Since I purposefully neglected to write on the most emotional days following the separation, I don't have anything mushy and sentimental so I've decided to repost what I wrote when Tim left for Kuwait last year (originally posted here). I'm also adding the song that best reflects my feelings when Tim leaves. The fact that it isn't making me cry right now is solid proof that I'm emotionally stable at the moment. Yay! I plan to stay that way, and look forward to Tim's return after awhile.
On Marriage and the Hole in My Heart:
The dull ache started last week, every time I thought of Tim leaving. Twenty-four hours before he left it became a deep sadness, the deepest I've ever known. By the time we had only four hours together it was a desperate sadness- thick and mucky and lonely. I felt compelled to tell him how much I loved him, how he was a part of me and I wouldn't be whole until he came back. I felt the tearing- him from me- in my heart. The gray clouds, wind, and driving rain matched my mood as I left the place where he boarded a bus that took him out of my life until the fall.
We've had a turbulent marriage. The early years were the worst, the middle years contained a prolonged separation and near divorce, these last years have been the easiest as we have gained a small level of maturity and experience that likely came from joining the military and moving across the world. We've come to rely on each other as partners and friends as never before. By the grace of God, we've survived storms that would sink most couples. To God be the glory for this. It's despite our weakness that we still stand as a couple and a family.
This image comes to my mind: when back home last month I picked up a Nifty Knitter, a funky little device that allows Kristine and I to knit hats and scarves and various other things with ease. (Nifty, eh?!) I made a hat for Kristine, using 2 threads of yarn, one a pretty multicolor thread in maroon/gray/ivory, the other a soft, fluffy sage green color. Using them both at the same time made the hat stronger, thicker and more sturdy. In creating it, I tied, twisted, stretched and manipulated the yarns- in the end I constructed a hat with what might have seemed like a hardship from the yarn's perspective.
God joined Tim and I together, allowing us to be twisted and tugged with our own sinfulness and by the natural afflictions of life. At one point we rebelled against the discomfort of it all, separating and unraveling our life together. All along I heard God's voice in my spirit: "You and Tim were meant for each other." After a time we renewed our vows- renewed our commitment to being woven and spun into a couple again. Now, looking back over the past few years, I can see the project taking shape. I see the ways I've become like him, the ways he's more like me, the similar interests and the ease with which we carry on conversations when given a moment to do so. I feel a bond with him that words can't adequately describe. I know I wasn't remiss in following God back to the loom of "Tim and Reese." In these hours since Tim left, the predominant feeling I have is one of incompleteness.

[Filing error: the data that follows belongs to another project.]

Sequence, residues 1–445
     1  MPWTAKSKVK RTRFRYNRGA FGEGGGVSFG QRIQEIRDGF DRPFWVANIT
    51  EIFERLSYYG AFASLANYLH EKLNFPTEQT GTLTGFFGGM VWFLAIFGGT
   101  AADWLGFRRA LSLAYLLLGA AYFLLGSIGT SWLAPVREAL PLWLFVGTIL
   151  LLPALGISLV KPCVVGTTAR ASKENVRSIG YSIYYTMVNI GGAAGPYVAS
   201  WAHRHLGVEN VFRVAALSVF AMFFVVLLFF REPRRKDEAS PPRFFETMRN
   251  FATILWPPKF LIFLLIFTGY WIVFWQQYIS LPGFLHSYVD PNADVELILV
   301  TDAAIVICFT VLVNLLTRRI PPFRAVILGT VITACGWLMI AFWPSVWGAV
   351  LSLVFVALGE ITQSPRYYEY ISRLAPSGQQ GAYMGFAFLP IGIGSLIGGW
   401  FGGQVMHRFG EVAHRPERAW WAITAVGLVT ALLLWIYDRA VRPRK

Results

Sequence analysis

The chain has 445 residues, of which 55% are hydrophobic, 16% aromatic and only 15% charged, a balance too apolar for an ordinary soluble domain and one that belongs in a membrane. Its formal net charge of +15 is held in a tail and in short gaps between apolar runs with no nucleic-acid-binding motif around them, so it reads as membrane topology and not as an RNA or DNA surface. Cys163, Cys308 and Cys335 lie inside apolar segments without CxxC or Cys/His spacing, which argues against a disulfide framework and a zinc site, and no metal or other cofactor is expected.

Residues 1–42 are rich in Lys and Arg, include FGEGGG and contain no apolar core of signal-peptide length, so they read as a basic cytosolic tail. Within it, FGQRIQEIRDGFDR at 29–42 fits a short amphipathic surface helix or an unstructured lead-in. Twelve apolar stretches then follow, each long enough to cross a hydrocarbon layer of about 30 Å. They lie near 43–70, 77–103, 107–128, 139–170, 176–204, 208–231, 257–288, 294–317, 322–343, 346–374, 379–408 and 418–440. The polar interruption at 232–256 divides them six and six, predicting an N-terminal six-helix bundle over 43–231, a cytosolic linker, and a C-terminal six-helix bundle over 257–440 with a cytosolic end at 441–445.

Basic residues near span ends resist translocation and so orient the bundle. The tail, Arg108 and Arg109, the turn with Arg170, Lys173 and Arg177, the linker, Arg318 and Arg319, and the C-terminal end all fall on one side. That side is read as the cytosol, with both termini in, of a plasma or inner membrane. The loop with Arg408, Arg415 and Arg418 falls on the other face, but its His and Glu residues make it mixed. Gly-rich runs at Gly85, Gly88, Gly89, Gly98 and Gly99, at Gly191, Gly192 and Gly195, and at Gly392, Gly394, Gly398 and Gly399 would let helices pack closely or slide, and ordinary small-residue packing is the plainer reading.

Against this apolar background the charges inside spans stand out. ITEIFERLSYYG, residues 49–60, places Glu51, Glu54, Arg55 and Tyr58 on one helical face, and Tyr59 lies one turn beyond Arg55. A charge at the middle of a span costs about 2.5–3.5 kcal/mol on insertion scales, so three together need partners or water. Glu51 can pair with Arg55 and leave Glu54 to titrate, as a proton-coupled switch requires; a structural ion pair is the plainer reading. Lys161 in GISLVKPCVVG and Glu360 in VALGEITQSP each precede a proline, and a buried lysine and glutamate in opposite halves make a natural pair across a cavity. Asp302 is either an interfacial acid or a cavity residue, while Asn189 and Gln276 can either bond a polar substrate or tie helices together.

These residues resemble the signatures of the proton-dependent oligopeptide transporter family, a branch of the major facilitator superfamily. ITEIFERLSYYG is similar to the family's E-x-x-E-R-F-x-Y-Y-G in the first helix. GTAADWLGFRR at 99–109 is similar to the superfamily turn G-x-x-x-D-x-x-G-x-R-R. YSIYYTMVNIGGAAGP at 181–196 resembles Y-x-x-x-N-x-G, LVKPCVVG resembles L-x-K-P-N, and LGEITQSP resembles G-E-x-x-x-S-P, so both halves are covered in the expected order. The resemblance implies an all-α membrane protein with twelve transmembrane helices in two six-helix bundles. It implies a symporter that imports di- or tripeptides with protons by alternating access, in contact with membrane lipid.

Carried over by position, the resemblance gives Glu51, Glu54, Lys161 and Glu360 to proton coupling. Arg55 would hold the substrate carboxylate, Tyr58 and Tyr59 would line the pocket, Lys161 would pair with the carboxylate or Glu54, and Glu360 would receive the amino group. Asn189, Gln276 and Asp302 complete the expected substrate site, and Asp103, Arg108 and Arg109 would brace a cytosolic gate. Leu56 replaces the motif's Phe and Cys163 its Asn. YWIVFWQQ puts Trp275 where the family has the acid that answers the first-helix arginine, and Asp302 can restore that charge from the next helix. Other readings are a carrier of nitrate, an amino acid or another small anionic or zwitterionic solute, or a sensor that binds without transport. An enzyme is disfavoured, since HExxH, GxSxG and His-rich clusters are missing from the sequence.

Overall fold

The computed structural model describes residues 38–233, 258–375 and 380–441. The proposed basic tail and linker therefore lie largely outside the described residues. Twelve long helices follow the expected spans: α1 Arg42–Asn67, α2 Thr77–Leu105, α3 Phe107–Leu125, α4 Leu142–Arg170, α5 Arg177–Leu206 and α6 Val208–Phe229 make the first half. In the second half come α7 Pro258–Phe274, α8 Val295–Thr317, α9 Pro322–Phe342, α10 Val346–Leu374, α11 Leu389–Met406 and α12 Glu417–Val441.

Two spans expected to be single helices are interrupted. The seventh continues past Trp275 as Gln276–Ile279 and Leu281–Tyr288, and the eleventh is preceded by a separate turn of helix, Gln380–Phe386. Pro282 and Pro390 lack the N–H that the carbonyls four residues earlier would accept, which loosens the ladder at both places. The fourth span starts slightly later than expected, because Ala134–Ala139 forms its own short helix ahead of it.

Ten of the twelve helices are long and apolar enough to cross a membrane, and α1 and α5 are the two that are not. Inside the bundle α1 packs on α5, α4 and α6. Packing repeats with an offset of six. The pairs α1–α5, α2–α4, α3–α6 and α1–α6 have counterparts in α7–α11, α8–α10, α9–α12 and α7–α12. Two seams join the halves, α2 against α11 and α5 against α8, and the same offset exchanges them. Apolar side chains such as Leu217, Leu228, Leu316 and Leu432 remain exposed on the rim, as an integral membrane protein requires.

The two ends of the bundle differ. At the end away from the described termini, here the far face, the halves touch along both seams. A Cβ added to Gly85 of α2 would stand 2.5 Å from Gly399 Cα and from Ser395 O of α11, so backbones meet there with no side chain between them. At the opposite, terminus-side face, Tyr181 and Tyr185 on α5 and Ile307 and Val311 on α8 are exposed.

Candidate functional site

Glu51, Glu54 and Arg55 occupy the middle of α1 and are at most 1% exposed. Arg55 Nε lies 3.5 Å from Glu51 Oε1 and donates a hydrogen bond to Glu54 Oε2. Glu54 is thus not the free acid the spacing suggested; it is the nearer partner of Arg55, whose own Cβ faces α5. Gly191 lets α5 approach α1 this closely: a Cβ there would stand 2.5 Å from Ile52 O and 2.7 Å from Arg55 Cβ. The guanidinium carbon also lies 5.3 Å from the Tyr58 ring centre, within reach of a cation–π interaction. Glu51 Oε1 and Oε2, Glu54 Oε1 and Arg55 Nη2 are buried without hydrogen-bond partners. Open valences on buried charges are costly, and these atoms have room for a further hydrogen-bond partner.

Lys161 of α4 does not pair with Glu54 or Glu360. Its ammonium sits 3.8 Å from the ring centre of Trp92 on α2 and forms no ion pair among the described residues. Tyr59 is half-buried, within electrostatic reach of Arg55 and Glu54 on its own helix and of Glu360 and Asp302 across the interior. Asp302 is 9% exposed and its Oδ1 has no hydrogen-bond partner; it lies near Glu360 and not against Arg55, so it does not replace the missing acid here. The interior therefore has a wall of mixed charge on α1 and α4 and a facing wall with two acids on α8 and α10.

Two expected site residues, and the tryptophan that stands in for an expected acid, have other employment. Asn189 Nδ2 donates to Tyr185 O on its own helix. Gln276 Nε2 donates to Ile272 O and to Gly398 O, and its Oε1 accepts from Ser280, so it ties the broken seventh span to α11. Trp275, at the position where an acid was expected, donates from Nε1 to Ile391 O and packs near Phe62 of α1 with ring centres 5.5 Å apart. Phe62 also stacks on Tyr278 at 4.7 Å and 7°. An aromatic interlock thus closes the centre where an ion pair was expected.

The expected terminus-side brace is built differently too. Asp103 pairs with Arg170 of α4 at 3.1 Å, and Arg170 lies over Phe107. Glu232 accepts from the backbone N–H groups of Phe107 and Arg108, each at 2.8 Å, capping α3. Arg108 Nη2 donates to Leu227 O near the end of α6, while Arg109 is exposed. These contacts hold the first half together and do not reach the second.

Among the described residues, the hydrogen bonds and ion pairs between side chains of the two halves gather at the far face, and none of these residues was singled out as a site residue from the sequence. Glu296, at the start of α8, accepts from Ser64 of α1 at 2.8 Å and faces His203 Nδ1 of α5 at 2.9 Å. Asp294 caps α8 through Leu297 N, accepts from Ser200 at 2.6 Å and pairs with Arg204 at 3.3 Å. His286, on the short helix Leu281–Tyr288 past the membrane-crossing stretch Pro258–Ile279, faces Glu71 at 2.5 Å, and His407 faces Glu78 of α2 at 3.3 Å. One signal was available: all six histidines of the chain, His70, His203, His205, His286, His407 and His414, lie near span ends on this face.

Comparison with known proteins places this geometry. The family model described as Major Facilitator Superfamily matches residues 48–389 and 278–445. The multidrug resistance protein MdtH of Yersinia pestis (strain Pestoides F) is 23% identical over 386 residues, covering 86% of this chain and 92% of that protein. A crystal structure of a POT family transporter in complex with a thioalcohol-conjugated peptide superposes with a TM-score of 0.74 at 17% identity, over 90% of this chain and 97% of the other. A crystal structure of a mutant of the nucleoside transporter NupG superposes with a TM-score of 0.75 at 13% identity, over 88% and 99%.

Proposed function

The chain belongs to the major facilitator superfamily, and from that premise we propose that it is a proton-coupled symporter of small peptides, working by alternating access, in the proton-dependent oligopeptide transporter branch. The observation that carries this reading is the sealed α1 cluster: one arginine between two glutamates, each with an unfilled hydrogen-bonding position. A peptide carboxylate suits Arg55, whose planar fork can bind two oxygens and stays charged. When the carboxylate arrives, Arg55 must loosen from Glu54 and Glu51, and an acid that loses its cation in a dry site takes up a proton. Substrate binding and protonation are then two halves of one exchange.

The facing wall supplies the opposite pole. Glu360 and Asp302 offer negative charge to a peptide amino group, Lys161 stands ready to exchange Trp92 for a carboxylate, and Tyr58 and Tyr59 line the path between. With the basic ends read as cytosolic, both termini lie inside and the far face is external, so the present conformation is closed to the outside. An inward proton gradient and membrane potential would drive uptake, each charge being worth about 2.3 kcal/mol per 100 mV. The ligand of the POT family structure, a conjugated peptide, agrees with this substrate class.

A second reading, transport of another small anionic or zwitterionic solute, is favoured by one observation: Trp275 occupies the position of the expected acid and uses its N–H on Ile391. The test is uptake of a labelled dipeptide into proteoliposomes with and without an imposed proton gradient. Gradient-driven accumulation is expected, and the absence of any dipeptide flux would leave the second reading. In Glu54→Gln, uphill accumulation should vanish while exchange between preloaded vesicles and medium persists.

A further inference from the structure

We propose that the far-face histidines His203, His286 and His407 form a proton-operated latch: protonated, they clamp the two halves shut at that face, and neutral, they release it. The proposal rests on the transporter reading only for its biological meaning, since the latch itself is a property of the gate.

And it's not like we have attained some awesome level of marital maturity. We still fight and have misunderstandings, and there were times in the past few months I thought to myself, "I can't wait for him to leave!" (I'm sure he thought, "I can't wait to get away from this lady!") But when enduring a prolonged absence from one another, especially in the face of the dangers of war, all the crap falls away and it's just us. Suddenly the little things don't matter. The petty stuff seems so... petty. Larger, more important things loom ahead. Like love. Commitment. Family.
That's my encouragement to those of you reading this who are married: cherish the good, consciously discount the bad, and keep with it. Most of the time the bad really is trivial. Resist the natural urge to magnify the faults of your spouse and to look over the strengths. Cherish the one God put in your life. The gift of companionship and love is precious and worth every effort you put into it.